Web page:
• Partially fermented: polydextrose, resistant maltodextrin
  • Varying metabolites and health effects, e.g.
    • Inulin, fructooligosaccharides, and galactooligosaccharidesfor healthy immune function
    • Inulin, resistant starch, and pectin for bulking effect
fermentable fibers
Fermentable Fibers
  • Fructo-oligosaccharides
  • Polyfructans
  • Oligofructose
  • Galacto-oligosaccharides
  • Inulin
  • Psyllium
  • Resistant maltodextrins
  • Resistant dextrins
  • Resistant starches
health effects of various fiber actions
Health Effects of Various Fiber Actions
  • Reduced constipation (Bulking)
  • Improved digestive health (Bulking and Fermentation)
  • Reduced LDL and total cholesterol levels (Viscosity)
  • Increased mineral absorption, esp. calcium (Fermentation)
  • Increased immune support (Fermentation)
  • Reduced glycemic response (primarily Viscosity)
  • Increased insulin sensitivity (Fermentation)
  • Weight management (Viscosity and Bulking)
potential adverse effects
Potential Adverse Effects
  • No upper level for dietary fiber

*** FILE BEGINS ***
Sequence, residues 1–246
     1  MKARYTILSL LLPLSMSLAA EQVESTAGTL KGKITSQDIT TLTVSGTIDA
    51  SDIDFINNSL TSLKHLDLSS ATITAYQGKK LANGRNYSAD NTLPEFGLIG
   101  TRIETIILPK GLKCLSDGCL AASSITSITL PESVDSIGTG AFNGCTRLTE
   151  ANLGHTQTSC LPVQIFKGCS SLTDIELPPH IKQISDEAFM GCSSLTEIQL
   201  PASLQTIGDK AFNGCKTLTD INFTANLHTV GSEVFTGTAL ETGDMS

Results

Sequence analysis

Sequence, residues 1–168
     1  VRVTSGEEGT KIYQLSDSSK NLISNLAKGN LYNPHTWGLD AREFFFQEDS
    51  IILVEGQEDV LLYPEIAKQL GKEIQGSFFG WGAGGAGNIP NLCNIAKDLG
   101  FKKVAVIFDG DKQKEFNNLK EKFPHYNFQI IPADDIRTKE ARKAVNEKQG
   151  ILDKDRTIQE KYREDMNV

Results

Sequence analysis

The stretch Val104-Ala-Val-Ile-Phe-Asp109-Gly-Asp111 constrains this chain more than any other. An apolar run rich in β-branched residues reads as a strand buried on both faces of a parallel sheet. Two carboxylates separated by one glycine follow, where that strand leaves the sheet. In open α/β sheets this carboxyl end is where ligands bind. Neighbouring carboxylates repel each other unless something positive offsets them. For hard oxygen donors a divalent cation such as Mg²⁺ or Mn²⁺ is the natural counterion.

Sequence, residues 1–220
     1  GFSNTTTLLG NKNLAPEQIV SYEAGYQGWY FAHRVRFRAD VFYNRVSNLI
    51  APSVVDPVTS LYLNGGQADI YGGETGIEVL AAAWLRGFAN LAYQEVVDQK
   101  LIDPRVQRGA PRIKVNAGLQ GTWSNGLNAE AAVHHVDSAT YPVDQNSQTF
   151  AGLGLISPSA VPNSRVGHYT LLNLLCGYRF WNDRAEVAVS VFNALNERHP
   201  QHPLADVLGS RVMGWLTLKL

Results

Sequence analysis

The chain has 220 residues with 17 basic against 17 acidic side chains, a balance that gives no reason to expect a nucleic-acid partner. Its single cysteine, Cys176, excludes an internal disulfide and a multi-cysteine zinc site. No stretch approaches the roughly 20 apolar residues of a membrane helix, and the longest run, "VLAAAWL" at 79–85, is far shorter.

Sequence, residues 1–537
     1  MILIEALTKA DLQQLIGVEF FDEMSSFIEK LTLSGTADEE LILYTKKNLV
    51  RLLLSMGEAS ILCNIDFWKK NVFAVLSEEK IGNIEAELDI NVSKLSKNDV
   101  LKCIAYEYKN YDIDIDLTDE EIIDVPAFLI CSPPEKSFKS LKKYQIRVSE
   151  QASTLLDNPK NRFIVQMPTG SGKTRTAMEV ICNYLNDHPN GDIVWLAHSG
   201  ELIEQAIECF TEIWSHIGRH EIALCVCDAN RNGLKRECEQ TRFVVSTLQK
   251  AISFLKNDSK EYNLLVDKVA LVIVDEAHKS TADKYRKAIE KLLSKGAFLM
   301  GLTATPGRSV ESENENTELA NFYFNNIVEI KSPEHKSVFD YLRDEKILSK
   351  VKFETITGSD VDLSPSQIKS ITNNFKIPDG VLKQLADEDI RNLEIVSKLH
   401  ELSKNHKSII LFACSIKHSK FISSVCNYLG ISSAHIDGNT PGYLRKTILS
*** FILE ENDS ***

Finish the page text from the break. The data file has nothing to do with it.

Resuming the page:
• With excessive fiber or any incompletely digested carbohydrate, or with sudden increases in intake
    • Possible increased flatulence, bloating, abdominal discomfort, increased laxation
    • Improve acceptance with gradual increases in fiber, along with fluids
  • Those with digestive disorders should work closely with a Registered Dietitian to ensure appropriate fiber intake on a case-by-case basis.
    • “Low-residue” diet no longer recommended to prevent diverticulitis in those with diverticulosis
ensuring tolerance
Ensuring Tolerance
  • Inform of the potential for increased flatulence, bloating, abdominal discomfort, laxation
    • Most common with highly fermentable fibers
    • Temporary: the body will adapt
    • Benefits outweigh potential side effects
  • Increase gradually, by no more than 5 g per day
  • Increase fluid intake as fiber increases
expanding fiber rich food choices
Expanding Fiber-Rich Food Choices
  • Vegetables and Fruits
    • Broccoli, those with edible skins (eg, apples, corn) or seeds (eg, berries)
  • Whole Grains
    • Whole wheat pasta, barley, quinoa, oatmeal
  • Legumes and Beans
  • Nuts and Seeds
  • Foods with added Fiber
    • Cereals, granola bars, yogurts, fruit juices, vegetarian patties, prepared dishes, snacks, baked goods, and pasta
for individuals with diabetes
For Individuals with Diabetes
  • American Diabetes Association recommends total fiber consistent with Dietary Guidelines for Americans, 2010
  • Adjust carbohydrate count for high-fiber foods
  • Fiber and fat decrease glycemic index (GI) of foods
    • Nutrient density independent of GI
    • Many other factors to consider
for individuals with high ldl or cvd risk
Aim for 25-30 g total fiber

Seek viscous fibers

Especially oats (oat bran, oatmeal)

Also beans, peas, rice bran, barley, citrus fruits, strawberries, apples